Researcher of the Month
Computer Science, Applied Mathematics & Statistics majors, Class of 2022
Research Mentor: Dr. Paul Fodor, Computer Science
What makes computer science research so enjoyable? For Nathanael, it’s all about the
collaboration, working together to solve problems: “I remember a few of those meetings ….when we were actually writing on the whiteboard
, crossing things out, circling things... It was one of those stereotypical computer
science problem solving moments when we actually figured out a lot of things. It felt
really authentic. And I really felt that I was able to contribute. Usually it’s the
professors who are teaching me things...but in moments like that, I am working with
them, solving problems with them. And it feels really different and special.”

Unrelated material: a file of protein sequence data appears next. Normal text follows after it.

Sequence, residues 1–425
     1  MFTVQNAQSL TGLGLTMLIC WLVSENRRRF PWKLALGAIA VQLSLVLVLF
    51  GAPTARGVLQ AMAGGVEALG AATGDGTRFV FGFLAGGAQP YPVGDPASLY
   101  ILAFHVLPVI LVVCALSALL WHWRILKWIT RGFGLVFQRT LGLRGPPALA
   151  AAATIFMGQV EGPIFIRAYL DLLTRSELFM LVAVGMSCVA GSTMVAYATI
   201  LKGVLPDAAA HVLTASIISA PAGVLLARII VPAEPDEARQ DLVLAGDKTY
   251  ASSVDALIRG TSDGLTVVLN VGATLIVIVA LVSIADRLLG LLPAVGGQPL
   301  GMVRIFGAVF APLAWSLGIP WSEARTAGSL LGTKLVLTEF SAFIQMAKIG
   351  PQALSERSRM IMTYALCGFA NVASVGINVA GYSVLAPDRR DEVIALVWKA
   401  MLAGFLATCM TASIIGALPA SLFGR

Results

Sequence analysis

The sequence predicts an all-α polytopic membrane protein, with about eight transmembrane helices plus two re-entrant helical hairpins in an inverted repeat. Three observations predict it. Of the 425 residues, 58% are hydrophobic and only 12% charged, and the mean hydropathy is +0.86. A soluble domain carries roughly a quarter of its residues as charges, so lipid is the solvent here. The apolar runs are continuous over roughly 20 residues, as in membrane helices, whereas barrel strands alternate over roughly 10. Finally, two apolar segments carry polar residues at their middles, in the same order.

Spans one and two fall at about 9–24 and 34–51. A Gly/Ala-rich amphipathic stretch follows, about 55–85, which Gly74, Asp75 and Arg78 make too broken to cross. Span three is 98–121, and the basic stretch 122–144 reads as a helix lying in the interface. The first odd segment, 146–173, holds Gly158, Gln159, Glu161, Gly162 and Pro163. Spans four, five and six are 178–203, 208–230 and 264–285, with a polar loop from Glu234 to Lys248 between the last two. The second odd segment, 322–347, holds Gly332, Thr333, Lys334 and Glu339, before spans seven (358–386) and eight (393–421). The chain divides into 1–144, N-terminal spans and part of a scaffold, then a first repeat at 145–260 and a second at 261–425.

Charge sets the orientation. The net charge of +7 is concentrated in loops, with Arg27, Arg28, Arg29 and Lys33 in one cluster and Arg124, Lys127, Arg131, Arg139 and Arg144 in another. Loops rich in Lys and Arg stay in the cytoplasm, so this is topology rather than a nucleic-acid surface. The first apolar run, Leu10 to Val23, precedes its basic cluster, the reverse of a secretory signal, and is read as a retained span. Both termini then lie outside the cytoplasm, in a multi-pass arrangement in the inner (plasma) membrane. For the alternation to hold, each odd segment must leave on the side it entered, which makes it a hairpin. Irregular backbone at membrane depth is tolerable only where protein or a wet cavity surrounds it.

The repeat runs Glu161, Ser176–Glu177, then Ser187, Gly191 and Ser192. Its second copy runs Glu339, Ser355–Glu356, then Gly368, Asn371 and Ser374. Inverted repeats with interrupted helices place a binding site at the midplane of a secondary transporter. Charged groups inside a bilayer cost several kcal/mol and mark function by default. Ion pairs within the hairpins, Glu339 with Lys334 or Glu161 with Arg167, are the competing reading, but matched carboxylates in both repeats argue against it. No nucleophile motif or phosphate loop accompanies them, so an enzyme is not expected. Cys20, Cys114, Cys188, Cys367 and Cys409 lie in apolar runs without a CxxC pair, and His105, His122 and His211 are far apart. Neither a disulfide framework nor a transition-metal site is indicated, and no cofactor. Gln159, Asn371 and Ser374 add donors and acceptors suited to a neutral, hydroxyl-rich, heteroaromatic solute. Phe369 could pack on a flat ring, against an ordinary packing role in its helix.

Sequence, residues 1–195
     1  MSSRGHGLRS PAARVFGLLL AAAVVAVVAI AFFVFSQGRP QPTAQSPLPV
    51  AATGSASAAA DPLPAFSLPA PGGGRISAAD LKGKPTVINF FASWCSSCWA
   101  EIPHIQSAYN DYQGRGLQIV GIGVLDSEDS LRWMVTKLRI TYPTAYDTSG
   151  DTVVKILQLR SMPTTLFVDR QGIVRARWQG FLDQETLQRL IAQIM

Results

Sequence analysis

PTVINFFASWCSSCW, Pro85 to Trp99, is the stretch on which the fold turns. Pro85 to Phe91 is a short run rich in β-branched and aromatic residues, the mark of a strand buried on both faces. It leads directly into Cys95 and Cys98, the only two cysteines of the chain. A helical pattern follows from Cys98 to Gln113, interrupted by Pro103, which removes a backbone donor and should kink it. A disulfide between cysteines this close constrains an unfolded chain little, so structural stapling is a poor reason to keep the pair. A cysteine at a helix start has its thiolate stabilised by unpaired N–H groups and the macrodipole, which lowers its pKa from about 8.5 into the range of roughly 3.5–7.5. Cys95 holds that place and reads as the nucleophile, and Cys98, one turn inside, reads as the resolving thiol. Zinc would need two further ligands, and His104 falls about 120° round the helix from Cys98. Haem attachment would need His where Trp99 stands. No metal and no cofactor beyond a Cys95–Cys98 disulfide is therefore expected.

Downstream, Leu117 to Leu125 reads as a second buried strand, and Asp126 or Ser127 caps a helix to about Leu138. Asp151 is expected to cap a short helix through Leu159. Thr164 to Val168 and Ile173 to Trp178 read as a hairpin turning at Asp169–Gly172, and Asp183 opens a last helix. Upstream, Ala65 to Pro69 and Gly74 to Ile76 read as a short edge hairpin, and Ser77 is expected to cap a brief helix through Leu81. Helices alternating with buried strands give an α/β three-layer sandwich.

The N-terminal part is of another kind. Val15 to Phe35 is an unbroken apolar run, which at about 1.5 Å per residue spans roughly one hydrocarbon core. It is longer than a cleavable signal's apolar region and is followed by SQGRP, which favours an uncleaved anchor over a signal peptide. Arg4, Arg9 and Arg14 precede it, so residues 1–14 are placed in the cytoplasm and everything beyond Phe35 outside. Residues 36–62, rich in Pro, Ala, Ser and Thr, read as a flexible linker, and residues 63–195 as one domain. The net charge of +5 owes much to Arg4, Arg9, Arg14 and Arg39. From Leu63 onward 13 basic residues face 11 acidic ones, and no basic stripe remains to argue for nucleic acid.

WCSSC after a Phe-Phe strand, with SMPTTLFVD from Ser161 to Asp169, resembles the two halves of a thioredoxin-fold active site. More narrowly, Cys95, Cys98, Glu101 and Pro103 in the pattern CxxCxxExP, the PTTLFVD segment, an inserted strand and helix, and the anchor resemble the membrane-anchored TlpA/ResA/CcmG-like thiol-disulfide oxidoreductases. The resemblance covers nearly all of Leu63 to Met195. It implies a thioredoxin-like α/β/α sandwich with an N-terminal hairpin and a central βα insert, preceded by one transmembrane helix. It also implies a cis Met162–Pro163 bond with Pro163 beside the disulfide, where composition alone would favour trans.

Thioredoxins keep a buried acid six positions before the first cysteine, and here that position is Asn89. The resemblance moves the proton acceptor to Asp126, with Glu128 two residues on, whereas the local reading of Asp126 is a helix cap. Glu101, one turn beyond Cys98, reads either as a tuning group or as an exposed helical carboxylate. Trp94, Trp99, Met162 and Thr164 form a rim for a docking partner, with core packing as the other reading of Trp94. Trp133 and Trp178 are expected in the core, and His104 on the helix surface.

Nathanael Payen is a junior, double majoring in Computer Science and Applied Mathematics. He is a participant in LSAMP/Louis Stokes Alliance for Minority Participation, and CSTEP/Collegiate Science and Technology Entry Program (CSTEP) . And he was first exposed to research in a 4-week pre-freshman CSTEP program that culminated in a group presentation on “Multimodal Cholesterol Mitigation via Nanorobotics”, a proposed alternative to bypass surgery using nanorobotics. Following that, Nathanael took the opportunity to be paired with a peer mentor through the INSPIRE/Include New Students through a Peer Introduction to Research Experience program, a multi-disciplinary mentoring initiative developed by Dr. Peter Gergen (Undergraduate Biology) to promote engagement in research. In spring semester of his freshman year, Nathanael fortuitously contacted Prof. Paul Fodor (Dept. of Computer Science), who agreed to mentor him during summer 2019 as a participant in the PSEG-Explorations in
STEM, a 10 week summer research program co-administered by the Career Center and URECA (PI: Dr. Monica Bugallo, Electrical and Computer Engineering, WISE).